On that day this past July when Art Gish was tragically killed on his farm in Ohio, I was on another farm a few states away in Iowa, reclining on a porch swing at my in-law’s, reading his 1972 book, Beyond the Rat Race (Herald Press; sub. page numbers are from this ed.). It was my first substantive engagement with Gish’s writing, and that it was being done on the day he died was both humbling and sad.
The lives of Art and his wife, Peggy, are a contextual recapitulation of traditional Brethren nonconformity, and Beyond the Rat Race offers us practical and striking insights into living out our faith in Christ amidst a coercive and fallen world. For being published nearly 40 years ago in the late days of the Vietnam war and following in the wake of hippie culture and broader social upheaval, the book remains startlingly relevant. Indeed, the corrupting cultural currents that Gish identifies and critiques have in some ways become more deeply entrenched in American life and are therefore harder to discern and resist in rigorously Christian ways.
Especially eerie this side of the Internet is Gish’s passing remark about then-contemporary media theorist, Marshall McLuhan, who Gish saw as “(advocating) deeper devotion to electronic fragmentation for those disorganized by society,” then adding, “But we will not find reality by turning ourselves into an electronic package” (p. 117). What is Facebook and other social media on the Internet but a contemporary venture into just that? To say nothing about the foundational role of advertising on these networks!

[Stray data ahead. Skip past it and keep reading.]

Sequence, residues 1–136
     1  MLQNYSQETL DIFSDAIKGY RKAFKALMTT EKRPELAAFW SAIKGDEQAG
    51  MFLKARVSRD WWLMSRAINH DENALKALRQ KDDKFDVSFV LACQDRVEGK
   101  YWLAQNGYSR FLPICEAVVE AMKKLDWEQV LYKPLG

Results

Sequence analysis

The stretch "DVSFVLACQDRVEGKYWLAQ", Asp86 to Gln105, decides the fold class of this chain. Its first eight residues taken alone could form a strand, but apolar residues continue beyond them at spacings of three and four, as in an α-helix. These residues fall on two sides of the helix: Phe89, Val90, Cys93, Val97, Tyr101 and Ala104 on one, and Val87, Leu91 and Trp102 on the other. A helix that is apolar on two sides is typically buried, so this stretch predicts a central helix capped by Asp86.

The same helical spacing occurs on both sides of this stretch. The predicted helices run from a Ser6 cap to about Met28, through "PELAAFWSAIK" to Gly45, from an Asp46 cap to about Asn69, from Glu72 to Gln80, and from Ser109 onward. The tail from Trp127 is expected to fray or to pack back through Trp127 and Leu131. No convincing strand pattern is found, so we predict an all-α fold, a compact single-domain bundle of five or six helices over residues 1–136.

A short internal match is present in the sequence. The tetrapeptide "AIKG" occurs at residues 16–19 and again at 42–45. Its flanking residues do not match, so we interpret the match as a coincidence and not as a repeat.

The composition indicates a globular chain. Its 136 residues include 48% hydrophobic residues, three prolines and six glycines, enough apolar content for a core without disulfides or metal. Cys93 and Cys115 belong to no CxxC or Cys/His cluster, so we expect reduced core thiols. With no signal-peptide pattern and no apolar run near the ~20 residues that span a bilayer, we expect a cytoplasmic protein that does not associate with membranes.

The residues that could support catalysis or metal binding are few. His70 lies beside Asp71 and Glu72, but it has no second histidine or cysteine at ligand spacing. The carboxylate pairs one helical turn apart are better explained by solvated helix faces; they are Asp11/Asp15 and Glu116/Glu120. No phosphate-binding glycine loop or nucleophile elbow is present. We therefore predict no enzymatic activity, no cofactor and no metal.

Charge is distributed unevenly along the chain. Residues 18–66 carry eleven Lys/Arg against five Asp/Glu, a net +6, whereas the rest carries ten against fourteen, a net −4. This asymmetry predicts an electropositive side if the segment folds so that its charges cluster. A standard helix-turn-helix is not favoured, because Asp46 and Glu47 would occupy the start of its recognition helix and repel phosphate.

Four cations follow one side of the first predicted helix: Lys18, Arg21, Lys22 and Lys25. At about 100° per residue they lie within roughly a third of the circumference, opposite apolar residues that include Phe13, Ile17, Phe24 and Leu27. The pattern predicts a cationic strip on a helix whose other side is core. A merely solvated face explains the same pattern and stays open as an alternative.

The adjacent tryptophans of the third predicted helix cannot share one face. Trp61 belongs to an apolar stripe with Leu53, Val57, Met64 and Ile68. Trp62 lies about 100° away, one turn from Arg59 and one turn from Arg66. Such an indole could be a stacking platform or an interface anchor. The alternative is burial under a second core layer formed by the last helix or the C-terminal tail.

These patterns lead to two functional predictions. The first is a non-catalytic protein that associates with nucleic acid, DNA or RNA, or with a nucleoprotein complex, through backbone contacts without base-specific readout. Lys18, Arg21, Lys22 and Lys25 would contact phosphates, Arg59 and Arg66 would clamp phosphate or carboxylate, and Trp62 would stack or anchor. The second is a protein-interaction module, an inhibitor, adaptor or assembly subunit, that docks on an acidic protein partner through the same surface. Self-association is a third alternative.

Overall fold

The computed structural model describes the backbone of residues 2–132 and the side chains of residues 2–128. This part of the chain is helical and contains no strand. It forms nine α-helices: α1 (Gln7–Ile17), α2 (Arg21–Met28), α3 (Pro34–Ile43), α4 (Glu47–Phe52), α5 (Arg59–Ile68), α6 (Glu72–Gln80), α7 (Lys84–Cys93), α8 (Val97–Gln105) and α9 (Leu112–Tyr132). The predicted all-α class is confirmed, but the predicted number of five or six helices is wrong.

If there is a place today for the social-theological critique of Art Gish, this is it. The degree to which we uncritically engage in digital “global villages” opens us to a depth of acculturation that would, pardon the anachronistic analogy, make early Anabaptists keel over on the spot. At some level, we as a society seem to be aware that we need each other (that’s a good thing), and the current raft of online social media have facilitated a virtual form of this better than any preceding technological innovation. But to what end are these media pulling our desires for connection?
Beyond the Rat Race exhibits characteristics that may be described as “Brethren” or “Anabaptist+Pietist.” These approaches display a clear practical and ethical concern, and are expressions of an incarnational faith in Jesus Christ. The book ranges from fine-grain practical advice for simple, nonviolent living (and a defense against common criticisms, a la Yoder’s What Would You Do?) to a critique against the technological society. Finally, he closes the book with a theological treatise that makes clear the foundation for all that came before. While theology is scattered throughout the book, his final chapter is the most explicitly doctrinal in its defense of simple living, a traditionally Brethren concern. Ω
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